In a petition in change.org, Amar Singh Rathi makes a moving demand for a CBI inquiry into the acid attack on his daughter Preeti by an unidentified man in Mumbai on May 2.
In another petition, Shailesh Paswan writes about how four men poured acid on her daughter Chanchal in Patna because she protested against their sexual advances.
While there are no official statistics of such attacks in India, it is estimated that there are as many as 1,000 acid attacks a year in the country. Despite the gravity of the situation, the Centre doesn’t seem to be very bothered about tackling this ghastly crime.
On Tuesday, the Supreme Court came down heavily on it for failing to implement its 11-month order to come up with a framework on regulating the sale of acid and gave it another week to do so, failing which it would pass an order on July 16.
On February 6, the court had directed the Centre to discuss with the chief secretaries of states and Union Territories the modalities of enacting a law to regulate the sale of acid and a policy for treatment, compensation and care and rehabilitation of such victims.
The Supreme Court wants this new framework because buying acid is as easy as buying vegetables in India: a 750-ml bottle can be brought from a neighbourhood shop.
Activists, rightly so, say that this open sale must be curbed, only authorised vendors should be allowed to sell it, the identity of the buyers must be recorded and that acid for non-industrial purposes should be sold in a diluted form.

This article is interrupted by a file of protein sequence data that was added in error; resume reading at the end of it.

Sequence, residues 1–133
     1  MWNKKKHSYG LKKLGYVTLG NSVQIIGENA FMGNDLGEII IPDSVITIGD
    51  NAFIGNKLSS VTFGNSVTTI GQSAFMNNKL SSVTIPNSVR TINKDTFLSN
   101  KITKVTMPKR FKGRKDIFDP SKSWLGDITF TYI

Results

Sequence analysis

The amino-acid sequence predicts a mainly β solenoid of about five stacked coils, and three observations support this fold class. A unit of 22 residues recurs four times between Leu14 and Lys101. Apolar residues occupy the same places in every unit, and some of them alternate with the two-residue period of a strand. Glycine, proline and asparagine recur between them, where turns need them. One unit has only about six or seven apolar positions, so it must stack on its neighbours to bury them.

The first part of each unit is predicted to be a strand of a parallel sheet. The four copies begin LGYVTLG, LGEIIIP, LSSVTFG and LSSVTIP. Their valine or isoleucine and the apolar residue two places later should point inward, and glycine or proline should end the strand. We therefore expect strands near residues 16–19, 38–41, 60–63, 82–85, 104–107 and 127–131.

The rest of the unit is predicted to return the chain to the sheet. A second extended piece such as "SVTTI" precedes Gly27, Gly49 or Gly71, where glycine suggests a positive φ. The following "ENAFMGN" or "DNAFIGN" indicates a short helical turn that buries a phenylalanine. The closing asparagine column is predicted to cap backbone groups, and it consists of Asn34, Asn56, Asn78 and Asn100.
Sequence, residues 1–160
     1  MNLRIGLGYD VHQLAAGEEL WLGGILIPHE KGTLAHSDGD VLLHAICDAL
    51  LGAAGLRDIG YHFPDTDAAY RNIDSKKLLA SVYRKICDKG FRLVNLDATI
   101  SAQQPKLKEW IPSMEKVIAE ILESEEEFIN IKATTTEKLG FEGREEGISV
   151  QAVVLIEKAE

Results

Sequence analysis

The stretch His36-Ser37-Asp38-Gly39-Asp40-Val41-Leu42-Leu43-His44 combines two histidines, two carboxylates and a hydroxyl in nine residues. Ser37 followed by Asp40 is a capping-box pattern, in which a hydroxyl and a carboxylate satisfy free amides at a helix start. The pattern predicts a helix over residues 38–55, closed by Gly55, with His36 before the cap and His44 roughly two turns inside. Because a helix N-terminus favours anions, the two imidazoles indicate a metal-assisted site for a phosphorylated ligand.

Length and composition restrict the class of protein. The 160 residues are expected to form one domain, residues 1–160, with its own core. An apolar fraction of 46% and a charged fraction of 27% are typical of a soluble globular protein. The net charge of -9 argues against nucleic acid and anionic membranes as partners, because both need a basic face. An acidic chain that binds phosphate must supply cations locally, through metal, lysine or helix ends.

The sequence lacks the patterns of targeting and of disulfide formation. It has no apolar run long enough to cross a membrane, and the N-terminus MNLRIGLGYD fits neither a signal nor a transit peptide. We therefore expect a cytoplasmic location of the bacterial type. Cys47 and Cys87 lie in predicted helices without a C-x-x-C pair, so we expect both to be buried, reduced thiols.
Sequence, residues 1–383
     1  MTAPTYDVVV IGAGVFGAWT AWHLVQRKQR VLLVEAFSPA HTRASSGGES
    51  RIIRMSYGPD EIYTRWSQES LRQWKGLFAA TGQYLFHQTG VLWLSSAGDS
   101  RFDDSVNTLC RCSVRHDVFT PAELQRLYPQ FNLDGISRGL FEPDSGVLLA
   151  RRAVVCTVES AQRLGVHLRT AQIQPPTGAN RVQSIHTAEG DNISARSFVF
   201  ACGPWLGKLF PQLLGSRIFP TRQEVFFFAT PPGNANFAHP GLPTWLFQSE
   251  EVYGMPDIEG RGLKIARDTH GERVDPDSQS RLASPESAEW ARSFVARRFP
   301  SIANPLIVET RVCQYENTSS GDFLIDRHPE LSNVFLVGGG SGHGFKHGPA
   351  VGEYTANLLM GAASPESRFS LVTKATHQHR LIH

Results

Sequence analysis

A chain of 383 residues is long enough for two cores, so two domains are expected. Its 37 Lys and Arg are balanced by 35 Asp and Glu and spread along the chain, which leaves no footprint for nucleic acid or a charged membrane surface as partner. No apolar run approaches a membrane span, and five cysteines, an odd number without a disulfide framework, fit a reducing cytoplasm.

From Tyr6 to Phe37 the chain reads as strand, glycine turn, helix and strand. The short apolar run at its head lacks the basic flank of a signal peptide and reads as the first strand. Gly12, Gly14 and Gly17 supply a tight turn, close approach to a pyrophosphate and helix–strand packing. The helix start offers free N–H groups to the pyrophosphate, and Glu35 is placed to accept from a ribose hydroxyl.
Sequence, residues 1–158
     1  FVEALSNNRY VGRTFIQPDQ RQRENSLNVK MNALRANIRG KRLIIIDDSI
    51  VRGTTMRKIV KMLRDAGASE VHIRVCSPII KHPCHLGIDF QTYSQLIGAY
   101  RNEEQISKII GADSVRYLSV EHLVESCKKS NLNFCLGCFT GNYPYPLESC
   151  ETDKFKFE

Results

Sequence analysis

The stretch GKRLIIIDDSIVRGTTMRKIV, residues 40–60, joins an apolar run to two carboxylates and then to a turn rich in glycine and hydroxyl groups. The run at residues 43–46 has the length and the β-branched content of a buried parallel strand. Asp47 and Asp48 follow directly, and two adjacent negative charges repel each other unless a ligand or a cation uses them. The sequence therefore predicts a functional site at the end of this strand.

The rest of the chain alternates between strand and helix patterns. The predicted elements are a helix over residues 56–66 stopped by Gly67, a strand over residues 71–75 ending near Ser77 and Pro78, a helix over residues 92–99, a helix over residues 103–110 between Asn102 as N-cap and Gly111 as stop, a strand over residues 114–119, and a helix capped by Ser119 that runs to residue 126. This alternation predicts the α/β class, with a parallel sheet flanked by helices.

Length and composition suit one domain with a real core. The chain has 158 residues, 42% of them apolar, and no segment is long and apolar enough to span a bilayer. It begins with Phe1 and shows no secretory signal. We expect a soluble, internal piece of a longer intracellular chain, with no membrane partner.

As far as the law against offenders is concerned, the accused can be jailed for eight to 12 years depending on the injuries inflicted.
But the offence is bailable. Considering the number of cases, the law doesn’t seem to be working as a deterrent and the punishments should be more stringent. Most of all, the victims should be ensured time-bound justice.
In Bangladesh, India has a role model as far as the law against acid attacks is concerned. In 2002, the Bangladesh government passed two acts, the Acid Control Act 2002 and the Acid Crime Prevention Acts 2002 (1st and 2nd Act), restricting the import and sale of acid in open markets.
Among the provisions are locking up shops to prevent the sale of acid and banning transport engaged in carrying acid, temporary cancellation of acid selling licences and capital punishment for the acid thrower and a hefty financial penalty.